Post mortem lesions
In young birds, the post–mortem lesions can include enteritis, dehydration and anemia. The liver may be swollen, friable and bile stained and may contain white necrotic foci. The spleen is often enlarged and mottled and the kidneys may be enlarged. Petechial hemorrhages can sometimes be found in the fat and musculature surrounding the internal organs, and the peritoneum, pericardium and capsule of the liver may contain a fibrinous exudate. In adult birds, the gross lesions may be minimal. In some animals, there may be a mottled pancreas, excess pericardial fluid, fibrinous pericarditis or caseous granulomas in the lungs and air sacs. The testes sometimes contain white foci or nodules. Chronic carrier hens may have nodular or regressing or dark coloured ovarian follicles or a few misshapen ova among normal ovules. In hens, caseous material is often found in the oviduct, and peritonitis, perihepatitis, or ascites may be seen.
Morbidity and mortality
Morbidity and mortality vary with the species, age, and breed of the birds, nutrition and management and concurrent infections. Ducks, geese, and pigeons are relatively resistant to fowl typhoid. Among chickens, the White Leghorn breed appears to be more resistant. The mortality rate can range from less than 1% to 100%; morbidity is usually somewhat higher. Mortality is usually highest in checks and poults, particularly in two to three–week old birds.
Treatment and control
Control the disease by elimination of infected carrier breeder hens. The test used in the field is the rapid whole blood plate agglutination test and in the laboratory a serum agglutination test is used, either as a rapid plate test or as a tube test to detect infected carrier birds which can then be culled. Such control measures will stop the incidence of egg-transmitted typhoid disease. If hatching eggs from tested typhoid-free breeders are kept free from contamination through infected eggs from infected breeders or through contaminated equipment, chickens can remain after treatment. The best control method is eradication of infected birds.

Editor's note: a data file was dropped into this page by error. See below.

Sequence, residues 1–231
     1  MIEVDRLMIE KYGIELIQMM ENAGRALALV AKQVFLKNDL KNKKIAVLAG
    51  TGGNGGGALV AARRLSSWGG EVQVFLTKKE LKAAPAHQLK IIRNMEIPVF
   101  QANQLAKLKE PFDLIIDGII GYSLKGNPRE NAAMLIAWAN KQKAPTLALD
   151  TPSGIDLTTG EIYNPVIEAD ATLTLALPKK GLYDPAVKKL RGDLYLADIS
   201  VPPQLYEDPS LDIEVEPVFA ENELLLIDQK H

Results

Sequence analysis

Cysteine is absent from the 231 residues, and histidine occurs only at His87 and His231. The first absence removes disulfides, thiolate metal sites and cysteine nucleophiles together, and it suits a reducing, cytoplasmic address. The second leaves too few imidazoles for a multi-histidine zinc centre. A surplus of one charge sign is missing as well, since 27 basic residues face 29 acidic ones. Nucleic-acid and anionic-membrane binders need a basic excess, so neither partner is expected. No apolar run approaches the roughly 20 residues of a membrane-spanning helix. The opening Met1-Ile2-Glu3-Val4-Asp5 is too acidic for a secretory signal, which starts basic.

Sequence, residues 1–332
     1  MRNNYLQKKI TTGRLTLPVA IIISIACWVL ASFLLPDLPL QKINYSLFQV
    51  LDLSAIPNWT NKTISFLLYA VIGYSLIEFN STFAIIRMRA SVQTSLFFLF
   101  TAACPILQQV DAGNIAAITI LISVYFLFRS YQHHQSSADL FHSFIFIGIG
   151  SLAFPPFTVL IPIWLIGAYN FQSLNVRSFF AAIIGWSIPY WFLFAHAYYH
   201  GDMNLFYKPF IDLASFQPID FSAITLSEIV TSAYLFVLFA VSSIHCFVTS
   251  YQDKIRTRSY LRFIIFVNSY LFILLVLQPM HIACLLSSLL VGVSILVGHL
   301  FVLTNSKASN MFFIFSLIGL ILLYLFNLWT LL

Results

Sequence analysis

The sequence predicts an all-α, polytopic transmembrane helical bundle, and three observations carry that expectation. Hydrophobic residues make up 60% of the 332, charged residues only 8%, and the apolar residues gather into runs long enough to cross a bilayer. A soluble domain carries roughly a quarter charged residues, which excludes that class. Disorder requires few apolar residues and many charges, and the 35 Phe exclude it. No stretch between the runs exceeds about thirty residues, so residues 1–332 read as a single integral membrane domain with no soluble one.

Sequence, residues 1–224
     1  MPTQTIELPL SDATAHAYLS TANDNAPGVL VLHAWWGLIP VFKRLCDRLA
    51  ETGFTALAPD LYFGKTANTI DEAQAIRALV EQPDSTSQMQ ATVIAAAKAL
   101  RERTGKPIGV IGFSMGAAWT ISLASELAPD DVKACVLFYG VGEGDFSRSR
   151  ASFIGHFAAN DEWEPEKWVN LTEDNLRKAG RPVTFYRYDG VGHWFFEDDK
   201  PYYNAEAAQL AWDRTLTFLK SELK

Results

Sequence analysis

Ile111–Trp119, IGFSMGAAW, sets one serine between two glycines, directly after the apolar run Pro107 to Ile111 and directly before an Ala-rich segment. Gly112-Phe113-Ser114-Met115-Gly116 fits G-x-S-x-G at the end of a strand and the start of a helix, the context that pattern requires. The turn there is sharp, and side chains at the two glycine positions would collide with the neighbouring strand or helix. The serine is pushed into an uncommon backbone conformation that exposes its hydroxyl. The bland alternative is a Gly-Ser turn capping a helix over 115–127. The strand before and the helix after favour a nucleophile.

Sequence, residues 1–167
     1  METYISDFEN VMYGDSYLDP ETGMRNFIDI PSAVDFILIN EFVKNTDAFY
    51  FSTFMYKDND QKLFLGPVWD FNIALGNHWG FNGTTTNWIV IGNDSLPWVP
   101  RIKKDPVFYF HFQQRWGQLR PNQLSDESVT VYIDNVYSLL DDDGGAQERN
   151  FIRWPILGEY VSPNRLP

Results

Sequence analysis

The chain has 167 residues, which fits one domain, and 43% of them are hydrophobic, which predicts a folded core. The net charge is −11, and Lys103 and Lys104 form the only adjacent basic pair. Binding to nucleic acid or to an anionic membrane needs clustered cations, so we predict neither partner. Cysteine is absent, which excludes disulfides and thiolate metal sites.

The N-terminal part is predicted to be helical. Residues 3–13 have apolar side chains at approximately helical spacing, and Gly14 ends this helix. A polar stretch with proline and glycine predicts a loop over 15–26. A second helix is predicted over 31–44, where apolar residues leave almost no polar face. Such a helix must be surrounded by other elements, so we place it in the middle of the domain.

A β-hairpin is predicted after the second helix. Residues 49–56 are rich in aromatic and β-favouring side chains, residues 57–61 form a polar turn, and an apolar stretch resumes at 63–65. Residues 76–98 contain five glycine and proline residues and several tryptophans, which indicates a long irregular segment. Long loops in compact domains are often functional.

Immunization of breeding stock with vaccines (killed or modified live) made from a rough strain of S. gallinarum (9R) can prevent infection and reduce the incidence of vertical transmission and useful in controlling mortality, still possesses some virulence for some breeds of chicken and protection is adequate only for up to 6 months so it should be discouraged in breeders when an eradication programme is in operation. Incorporation of antibiotics, such as furazolidone, in the feed can prevent mortality and reduce the carrier rate. S. gallinarum can be inactivated by direct exposure to sunlight, heat treatment, phenol, formalin, dichloride of mercury, or potassium permanganate. Compounds that contain phenol are the most effective disinfectants under field conditions, but quaternary ammonium compounds and iodophores are also effective.
Curtice, C. (1902). Fowl typhoid. Bulletin (Rhode Island. College of Agriculture and Mechanic Arts. Agricultural Experiment Station). Volumes 82-101. Agricultural Experiment Station of the Rhode Island College of Agriculture and Mechanic Arts
Moore, V.A. (1895). Infectious leukemia in fowls. Twelfth and Thirteenth Annual Reports, Bur. An. Ind., U.S. Dept. Agr., I85-205. Smith, Th. 1894. Cited by Moore.
1Amit Ranjan, Ph.D. Scholar
Department of Animal Nutrition, Faculty of Veterinary and Animal Science, WBUAFS, Belgachia Road, Kolkata, West Bangal (INDIA). Pin-700 037
2Divya Kumari, M.V.Sc. Scholar
Department of Veterinary Pathology, Lala Lajpat Ray University of Veterinary and Animal Science, Hisar, Haryana (INDIA). Pin-125 001